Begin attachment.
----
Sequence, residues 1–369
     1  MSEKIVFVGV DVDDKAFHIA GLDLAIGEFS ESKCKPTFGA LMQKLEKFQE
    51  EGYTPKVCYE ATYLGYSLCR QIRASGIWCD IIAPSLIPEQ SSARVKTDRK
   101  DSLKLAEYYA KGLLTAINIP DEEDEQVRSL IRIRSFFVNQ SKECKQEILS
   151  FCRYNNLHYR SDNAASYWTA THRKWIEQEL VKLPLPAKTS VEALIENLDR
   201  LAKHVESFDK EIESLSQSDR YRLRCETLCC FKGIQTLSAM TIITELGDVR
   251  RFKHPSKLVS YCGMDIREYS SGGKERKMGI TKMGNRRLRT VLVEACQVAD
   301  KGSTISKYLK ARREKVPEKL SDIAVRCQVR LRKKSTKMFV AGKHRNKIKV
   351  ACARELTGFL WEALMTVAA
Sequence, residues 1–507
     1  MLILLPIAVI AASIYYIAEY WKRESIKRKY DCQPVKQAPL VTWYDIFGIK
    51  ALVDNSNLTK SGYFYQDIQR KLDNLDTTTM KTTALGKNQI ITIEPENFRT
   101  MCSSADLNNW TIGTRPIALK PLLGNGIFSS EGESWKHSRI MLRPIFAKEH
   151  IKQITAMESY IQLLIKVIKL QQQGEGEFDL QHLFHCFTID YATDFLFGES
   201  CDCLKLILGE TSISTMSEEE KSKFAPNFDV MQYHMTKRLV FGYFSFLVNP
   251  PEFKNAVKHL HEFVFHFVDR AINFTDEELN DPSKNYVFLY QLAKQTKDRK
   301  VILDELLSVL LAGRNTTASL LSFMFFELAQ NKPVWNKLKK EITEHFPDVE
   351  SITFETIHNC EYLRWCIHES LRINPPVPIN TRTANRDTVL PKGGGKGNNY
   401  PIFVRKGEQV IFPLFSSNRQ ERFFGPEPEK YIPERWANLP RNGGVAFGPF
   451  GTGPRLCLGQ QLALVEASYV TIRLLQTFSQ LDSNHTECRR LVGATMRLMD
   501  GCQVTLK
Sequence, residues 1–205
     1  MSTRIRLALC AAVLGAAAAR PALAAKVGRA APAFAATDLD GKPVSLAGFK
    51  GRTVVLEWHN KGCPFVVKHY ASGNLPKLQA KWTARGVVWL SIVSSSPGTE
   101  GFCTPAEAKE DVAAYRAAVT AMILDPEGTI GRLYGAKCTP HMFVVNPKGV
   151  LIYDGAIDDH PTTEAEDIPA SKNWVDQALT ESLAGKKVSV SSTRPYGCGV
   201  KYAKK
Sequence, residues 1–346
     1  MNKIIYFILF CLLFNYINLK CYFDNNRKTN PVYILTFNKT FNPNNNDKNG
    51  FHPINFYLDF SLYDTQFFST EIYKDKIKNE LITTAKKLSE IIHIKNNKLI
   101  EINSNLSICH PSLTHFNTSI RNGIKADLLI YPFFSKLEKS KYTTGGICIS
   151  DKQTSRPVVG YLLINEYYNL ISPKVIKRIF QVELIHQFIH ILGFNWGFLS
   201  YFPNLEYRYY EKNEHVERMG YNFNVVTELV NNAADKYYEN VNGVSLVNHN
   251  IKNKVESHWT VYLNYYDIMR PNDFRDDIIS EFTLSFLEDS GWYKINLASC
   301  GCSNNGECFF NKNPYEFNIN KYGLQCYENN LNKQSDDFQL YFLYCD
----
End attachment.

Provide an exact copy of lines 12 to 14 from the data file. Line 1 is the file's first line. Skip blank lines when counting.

    51  ALVDNSNLTK SGYFYQDIQR KLDNLDTTTM KTTALGKNQI ITIEPENFRT
   101  MCSSADLNNW TIGTRPIALK PLLGNGIFSS EGESWKHSRI MLRPIFAKEH
   151  IKQITAMESY IQLLIKVIKL QQQGEGEFDL QHLFHCFTID YATDFLFGES